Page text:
4. Mechanisms for Global Digital Cooperation
No single approach to digital cooperation can address the diverse spectrum of issues raised in this report – and as technologies evolve, so will the issues, and the most effective ways to cooperate. We should approach digital cooperation using all available tools, making dynamic choices about the best approach based on specific circumstances. In some cases, cooperation may be initiated and led by the private sector or civil society, and in some cases by governments or international organisations.184
Most current mechanisms of digital cooperation are primarily local, national or regional. However, digital interdependence also necessitates that we strengthen global digital cooperation mechanisms to address challenges and provide opportunities for all.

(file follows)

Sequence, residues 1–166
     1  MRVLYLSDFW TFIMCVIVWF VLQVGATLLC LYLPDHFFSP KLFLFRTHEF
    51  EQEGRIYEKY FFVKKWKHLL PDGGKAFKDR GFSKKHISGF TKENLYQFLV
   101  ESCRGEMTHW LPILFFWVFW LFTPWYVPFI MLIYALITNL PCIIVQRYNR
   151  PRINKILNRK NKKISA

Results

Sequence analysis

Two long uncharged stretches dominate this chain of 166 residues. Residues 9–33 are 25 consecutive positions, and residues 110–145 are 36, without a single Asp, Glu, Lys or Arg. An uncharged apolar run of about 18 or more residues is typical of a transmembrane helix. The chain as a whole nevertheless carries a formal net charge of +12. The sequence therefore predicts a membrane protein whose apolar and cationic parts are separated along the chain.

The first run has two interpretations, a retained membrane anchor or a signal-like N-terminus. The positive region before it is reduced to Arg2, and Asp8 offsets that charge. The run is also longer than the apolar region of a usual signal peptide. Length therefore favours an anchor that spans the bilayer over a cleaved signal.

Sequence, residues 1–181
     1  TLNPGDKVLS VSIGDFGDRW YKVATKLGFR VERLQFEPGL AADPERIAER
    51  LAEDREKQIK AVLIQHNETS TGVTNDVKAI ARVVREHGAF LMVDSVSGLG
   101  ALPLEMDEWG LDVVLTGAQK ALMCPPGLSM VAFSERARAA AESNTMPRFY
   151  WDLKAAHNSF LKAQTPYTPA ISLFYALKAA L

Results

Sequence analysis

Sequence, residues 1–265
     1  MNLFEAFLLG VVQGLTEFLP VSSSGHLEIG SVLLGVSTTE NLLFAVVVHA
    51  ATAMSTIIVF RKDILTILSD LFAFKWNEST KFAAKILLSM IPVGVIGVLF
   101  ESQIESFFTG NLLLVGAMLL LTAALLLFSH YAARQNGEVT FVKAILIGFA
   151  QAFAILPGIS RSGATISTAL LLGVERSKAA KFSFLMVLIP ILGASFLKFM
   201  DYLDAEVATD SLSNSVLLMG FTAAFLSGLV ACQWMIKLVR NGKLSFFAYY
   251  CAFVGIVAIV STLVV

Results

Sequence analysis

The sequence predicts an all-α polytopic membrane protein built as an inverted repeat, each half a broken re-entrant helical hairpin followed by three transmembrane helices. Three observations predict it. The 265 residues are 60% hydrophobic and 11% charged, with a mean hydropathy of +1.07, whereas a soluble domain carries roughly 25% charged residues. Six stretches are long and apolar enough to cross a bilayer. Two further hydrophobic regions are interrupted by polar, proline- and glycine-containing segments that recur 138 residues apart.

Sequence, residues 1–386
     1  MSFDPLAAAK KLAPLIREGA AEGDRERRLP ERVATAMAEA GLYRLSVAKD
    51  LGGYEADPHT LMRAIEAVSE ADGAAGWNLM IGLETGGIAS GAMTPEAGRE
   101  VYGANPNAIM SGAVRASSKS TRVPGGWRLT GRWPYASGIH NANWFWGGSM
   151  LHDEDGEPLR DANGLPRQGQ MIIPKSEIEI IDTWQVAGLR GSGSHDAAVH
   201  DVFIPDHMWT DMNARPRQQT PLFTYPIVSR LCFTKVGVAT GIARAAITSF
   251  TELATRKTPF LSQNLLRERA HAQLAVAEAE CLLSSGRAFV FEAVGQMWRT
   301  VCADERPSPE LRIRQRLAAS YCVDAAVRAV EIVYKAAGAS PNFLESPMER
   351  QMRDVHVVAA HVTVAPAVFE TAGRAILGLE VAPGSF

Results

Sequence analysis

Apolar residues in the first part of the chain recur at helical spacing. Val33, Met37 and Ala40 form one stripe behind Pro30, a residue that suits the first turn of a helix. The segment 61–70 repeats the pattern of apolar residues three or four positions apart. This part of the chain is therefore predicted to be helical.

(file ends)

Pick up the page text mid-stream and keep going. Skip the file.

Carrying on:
This chapter identifies gaps and challenges in current arrangements for global digital cooperation and summarises the functions any future cooperation architecture could perform and what principles could underpin them. It then outlines three possible options for digital cooperation architectures and concludes with a discussion of the role the United Nations can play. There was not unanimity of opinion among the Panel members about the shape, function and operations of these different models. Instead, they are presented as useful alternatives to explore in the spirit of digital cooperation and as an input for the broad consultations we call for in Recommendation 5A.
Ultimately, success of any proposed mechanisms and architecture will depend on the spirit in which they are developed and implemented. All governments, the private sector and civil society organisations need to recognise how much they stand to gain from a spirit of collaboration to drive progress toward the achievement of the SDGs and to raise the costs of using digital technologies irresponsibly. The alternative is further erosion of the trust and stability we need to build an inclusive and prosperous digital future.